The Old Market Place
It is fortunate if old buildings are saved from being demolished to make way for some supposed renovation or upgrading. Markets built previously in outskirt of cities, came to occupy strategic positions in current times. They would be likely favorite victims.
This wet market in Langkawi (opposite picture) thrived with fishermen landing their catches off the beach fronting it as late as 1970 and was a centre point for the folks of Langkawi who would get the freshest of seafood: fishes, crabs, prawns, cuttle-fish etc. in the early mornings. The fresh sea breeze that blew across its open courtyards and the friendly intimacy of sellers and buyers made for the the legendary characteristics of the island. Graciously it was saved. An entrepreneur and an architect by profession turned it into a gallery. An extension deck over the sea offered an open-air cafe. It became a popular spot when the island embarked as a free-port and a tourist center in 1988.
Alas when I was on the island in May 2007 it has disappeared. The picture taken a month earlier remained a stark reminder of properties that suffer similar fates due to the process of innovation and modernity. Have we lost anything? Perhaps the reminder of straight tubular white columns, pitched roofs and moments in the past when we bargained for a kilo of "temenung" fish for several cents rather than seven Ringgit Malaysia now. People of Langkawi got instead a wider road and the seashore a quarter kilometer away from its original.
It is a sight to treasure and congratulation to the owner for keeping his property in a splendid condition. This wooden house constructed in the tradition of northern Malaysia (Kedah) craftsmanship was likely built in 1950 or earlier. That would make it no less than 57 years old. I can vouch for its age as a similar house ( perhaps a little bigger and higher) was built by my father in 1947. It is still standing but sadly not as distinguished as this one. Such houses would have used good quality hard timbers obtained from the forests.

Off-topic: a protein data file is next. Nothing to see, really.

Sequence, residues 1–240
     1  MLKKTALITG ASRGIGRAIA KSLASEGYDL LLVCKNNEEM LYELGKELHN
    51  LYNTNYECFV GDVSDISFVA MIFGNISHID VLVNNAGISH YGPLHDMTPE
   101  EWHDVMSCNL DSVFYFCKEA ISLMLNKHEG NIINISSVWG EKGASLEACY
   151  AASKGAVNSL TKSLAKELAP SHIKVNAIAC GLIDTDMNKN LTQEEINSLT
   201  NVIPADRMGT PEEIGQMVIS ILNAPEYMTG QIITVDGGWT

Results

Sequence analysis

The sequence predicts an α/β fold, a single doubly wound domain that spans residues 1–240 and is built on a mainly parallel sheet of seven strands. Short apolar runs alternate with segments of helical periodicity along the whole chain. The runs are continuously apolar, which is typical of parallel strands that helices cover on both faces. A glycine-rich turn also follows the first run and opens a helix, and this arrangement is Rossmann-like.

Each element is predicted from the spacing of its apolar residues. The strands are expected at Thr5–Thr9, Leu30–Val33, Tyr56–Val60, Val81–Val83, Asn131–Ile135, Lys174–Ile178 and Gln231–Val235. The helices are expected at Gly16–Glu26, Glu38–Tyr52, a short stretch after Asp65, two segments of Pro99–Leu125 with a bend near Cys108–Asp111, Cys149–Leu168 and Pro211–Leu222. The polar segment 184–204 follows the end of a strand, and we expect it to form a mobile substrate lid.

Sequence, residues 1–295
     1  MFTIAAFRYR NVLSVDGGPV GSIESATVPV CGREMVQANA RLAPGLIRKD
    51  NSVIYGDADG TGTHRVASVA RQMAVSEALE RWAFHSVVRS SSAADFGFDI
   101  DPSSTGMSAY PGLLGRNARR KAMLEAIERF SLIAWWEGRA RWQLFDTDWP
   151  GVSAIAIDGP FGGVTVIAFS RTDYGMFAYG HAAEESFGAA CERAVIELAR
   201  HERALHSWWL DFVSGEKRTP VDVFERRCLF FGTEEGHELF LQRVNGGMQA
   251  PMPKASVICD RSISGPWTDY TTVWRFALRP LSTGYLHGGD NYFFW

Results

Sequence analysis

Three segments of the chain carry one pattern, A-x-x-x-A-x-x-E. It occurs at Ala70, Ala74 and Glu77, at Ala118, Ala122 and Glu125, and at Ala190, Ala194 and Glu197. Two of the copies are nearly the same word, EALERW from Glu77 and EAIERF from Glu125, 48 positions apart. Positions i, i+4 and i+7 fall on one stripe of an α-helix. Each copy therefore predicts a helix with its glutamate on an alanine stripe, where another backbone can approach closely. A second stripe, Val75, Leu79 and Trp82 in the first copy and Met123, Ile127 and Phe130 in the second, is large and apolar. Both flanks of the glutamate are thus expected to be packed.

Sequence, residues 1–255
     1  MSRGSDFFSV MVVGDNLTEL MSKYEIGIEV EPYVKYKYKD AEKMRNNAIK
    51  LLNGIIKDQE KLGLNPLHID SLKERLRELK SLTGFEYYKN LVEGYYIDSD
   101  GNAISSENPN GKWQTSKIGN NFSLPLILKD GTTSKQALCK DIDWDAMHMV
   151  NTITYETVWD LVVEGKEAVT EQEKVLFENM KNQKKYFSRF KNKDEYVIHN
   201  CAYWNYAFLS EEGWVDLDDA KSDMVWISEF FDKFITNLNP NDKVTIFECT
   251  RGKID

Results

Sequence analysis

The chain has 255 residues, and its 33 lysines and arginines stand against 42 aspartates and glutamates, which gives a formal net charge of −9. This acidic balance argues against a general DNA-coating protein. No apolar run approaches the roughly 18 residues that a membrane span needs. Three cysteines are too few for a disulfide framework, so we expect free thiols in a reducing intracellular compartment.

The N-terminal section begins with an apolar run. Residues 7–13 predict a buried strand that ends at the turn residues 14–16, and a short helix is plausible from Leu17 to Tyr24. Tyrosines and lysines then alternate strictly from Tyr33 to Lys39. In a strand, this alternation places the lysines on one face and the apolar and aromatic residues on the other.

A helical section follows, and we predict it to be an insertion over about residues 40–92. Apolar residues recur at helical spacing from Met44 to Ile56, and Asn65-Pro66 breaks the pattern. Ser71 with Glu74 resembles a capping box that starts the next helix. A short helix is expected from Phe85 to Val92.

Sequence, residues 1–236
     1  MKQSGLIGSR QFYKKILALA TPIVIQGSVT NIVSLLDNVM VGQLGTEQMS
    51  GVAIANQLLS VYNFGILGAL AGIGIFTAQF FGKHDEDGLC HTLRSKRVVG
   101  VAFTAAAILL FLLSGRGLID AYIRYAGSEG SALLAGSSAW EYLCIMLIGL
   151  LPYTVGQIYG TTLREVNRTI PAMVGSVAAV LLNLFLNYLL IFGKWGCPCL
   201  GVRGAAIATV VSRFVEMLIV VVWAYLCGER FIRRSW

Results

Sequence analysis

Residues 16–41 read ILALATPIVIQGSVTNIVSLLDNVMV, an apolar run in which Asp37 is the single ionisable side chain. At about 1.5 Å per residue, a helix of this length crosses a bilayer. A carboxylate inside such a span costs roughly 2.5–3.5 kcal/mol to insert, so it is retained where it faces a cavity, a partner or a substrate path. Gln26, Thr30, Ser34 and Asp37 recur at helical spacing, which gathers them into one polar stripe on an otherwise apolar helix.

Shortage of hard wood plus dirge of carpenters and craftsmen saw its eclipse.
Its characteristics are enhanced by the open veranda and staircase in the front. The inner wooden staircase leading into the house proper has balustrades along its railings. The house is built on stilts. Thus it has free flow of air and an open atmosphere on the ground floor. No need to construct a garage somewhere else. Your vehicles: a motorcar, motorcycle and bicycle can be kept safely under the house. So too other household items if need be. In flood prone areas, this typical house would save the owner from worries.
No need for air-conditioning. The wide open windows and air vents above them keep the house cool. The living room would occupy the front section of the house with the bedrooms being in the middle. The kitchen and bathroom would be at the back of the house.
Graced with curtains, paint works and landscaping it makes an ideal home. Not surprising therefore hoteliers are scouting for similar vintage homes to be rebuilt in touristic zones and selling for no less than several hundred Malaysian Ringgit for a night. An advertisement can appear as " Spent a Night in a Malay Ancient Palatial Home". No need to extend that much of cash. Call me if you need to see such homes.